Trying to work things out with Nash—her maybe boyfriend—is hard enough for Kaylee Cavanaugh. She can't just pretend nothing happened. But "complicated" doesn't even begin to describe their relationship when his ex-girlfriend transfers to their school, determined to take Nash back.
See, Sabine isn't just an ordinary girl. She's a mara, the living personification of a nightmare. She can read people's fears—and craft them into nightmares while her victims sleep. Feeding from human fear is how she survives.
And Sabine isn't above scaring Kaylee and the entire school to death to get whatever—and whoever—she wants.
Excerpt. © Reprinted by permission. All rights reserved.
By the time the second semester of my junior year began, I'd already faced down rogue grim reapers, an evil entertainment mogul, and hellions determined to possess my soul. But I never would have guessed that the most infuriating beast of all, I had yet to meet. My boyfriend's ex-girlfriend was a thing of nightmares. Literally.
"I won't bite." Nash looked up at me with a green bean speared on his fork, and I realized I was staring. I'd stopped on the bottom step, surprised to see him at school, and even more surprised to see him sitting alone at lunch, outside in the January cold, where I'd come to get away from the gossip and stares in the cafeteria.
Obviously he'd had the same idea.
I glanced over my shoulder through the window in the cafeteria door, looking for Emma, but she hadn't shown up yet.
Nash frowned when he noticed my hesitation. But I wasn't worried about him. I was worried about me. I was afraid that if I got within touching distance of him—within reach of the arms that had once been my biggest comfort and those gorgeous hazel eyes that could read me at a glance—that I would give in. That I would forgive, even if I couldn't forget, and that would be bad.
I mean, it would feel good, but that would be bad.
The past two weeks had been the most difficult of my life. In the past few months alone, I'd survived horrors most sixteen-year-old girls didn't even know existed. But a couple of weeks without Nash—our entire winter vacation—had nearly been enough to break me.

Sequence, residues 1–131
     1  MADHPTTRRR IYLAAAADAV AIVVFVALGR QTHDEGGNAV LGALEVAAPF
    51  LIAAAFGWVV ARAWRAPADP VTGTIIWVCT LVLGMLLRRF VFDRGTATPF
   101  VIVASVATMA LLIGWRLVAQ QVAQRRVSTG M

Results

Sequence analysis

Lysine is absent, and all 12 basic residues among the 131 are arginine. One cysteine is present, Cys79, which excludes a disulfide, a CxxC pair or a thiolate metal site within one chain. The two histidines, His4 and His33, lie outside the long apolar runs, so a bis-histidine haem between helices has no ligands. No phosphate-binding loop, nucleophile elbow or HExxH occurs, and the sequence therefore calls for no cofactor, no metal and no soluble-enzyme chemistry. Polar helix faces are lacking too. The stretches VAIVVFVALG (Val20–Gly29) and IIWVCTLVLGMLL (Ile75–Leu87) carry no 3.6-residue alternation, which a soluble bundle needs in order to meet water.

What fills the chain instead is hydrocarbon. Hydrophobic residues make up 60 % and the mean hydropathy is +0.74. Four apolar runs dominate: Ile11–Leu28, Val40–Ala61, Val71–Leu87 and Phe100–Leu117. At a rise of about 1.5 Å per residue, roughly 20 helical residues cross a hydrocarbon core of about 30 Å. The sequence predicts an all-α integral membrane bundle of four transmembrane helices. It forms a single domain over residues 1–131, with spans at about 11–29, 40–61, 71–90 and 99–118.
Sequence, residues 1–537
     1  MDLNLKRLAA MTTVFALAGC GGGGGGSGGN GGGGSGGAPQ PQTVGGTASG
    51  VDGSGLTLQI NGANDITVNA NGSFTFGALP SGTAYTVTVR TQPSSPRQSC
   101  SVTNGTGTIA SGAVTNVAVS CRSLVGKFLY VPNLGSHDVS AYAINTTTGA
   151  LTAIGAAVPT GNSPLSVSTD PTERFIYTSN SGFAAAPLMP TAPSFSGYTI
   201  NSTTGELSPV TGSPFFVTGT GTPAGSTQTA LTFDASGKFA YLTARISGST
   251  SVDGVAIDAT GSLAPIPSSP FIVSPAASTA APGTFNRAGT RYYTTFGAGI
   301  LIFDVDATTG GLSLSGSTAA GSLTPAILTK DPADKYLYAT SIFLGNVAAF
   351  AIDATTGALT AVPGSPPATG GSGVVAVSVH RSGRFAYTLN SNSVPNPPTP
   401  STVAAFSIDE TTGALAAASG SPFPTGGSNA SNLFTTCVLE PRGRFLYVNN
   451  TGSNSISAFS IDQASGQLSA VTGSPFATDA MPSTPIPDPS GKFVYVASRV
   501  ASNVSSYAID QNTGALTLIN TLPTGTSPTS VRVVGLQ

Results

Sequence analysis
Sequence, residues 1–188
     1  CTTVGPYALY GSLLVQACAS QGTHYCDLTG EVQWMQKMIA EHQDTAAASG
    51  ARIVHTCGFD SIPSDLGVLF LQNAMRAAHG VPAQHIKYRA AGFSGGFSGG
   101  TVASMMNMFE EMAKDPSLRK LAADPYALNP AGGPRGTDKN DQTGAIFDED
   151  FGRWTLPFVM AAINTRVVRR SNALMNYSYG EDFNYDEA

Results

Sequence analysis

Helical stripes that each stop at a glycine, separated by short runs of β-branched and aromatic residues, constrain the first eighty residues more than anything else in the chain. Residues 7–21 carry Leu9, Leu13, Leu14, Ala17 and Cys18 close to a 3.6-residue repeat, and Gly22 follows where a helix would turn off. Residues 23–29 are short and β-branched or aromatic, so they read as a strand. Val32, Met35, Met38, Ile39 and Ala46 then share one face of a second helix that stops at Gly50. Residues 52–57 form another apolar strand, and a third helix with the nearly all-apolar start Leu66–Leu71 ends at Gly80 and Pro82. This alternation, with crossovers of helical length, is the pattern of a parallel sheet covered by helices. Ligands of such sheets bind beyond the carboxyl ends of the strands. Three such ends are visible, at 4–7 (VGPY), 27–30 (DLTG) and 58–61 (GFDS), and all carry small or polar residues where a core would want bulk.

Whoever said it is better to have loved and lost than never to have loved was full of crap. If I'd never loved Nash in the first place, I wouldn't know what I was missing now.
"Kaylee?" Nash dropped his fork onto his tray, green bean untouched. "I get it. You're not ready to talk."
I shook my head and set my tray on the table across from his, then sank onto the opposite bench. "No, I just…I didn't think you'd be here." I hadn't gone to see him, because that would have been unfair to us both—being together, when we couldn't really be together. But I knew he'd been very sick from withdrawal, because my father, of all people, had called regularly to check on him.
And based on his brief reports, withdrawal from Demon's Breath—known as frost, in human circles—was hell on earth.
"Are you…okay?" I asked, poking at runny spaghetti sauce with my own fork.
"Better." He shrugged. "Still working toward okay."
"But you're well enough for school?"
Another shrug. "My mom was giving me a sedative made from some weird Netherworld plant for a while, to help with the shakes, but it just made me sleep all the time. Without dreams," he added, when he saw my horrified expression. The hellion whose breath he'd been huffing had communicated with Nash through his dreams sometimes. And through me, the rest of the time. By hijacking my body while I slept.
I'd been willing to work through the addiction with Nash—after all, it was my fault he'd been exposed to Demon's Breath in the first place. But his failure to stop the serial possession of my body—or even tell me it was happening—was the last straw for me. I couldn't be with him until I was sure nothing like that would ever happen again.
Unfortunately, what my head wanted and what my heart wanted were two completely different things.
"I still don't have much appetite, but what I do eat is staying down now." Nash stared at his full tray. He'd lost weight. His face looked.sharper. The flesh under his eyes was dark and puffy, and he hadn't bothered to artfully muss his hair that morning. The bright, charismatic Nash I'd first met had been replaced with this dimmer, somber version I barely recognized. A version I was afraid I didn't know on the inside, either. Not like I'd known my Nash, anyway.
"Maybe you should have stayed home a little longer," I suggested, slowly twirling noodles around my plastic fork.
"I wanted to see you."
The fissure in my heart cracked open a little wider, and I looked up to find regret and longing slowly twisting the greens and browns in his irises. Humans wouldn't see that, even if we'd had company. But because Nash and I were both bean sidhes—banshees, to the uninformed—we could see the colors swirling in each other's eyes, and with a little practice, I'd learned to interpret what I saw in his. To read his emotions through the windows of his soul—when he let me see them.
"No pressure," he interrupted, before I could spit out the protest I'd practiced, but hoped not to have to use. "I just wanted to see your face. Hear your voice."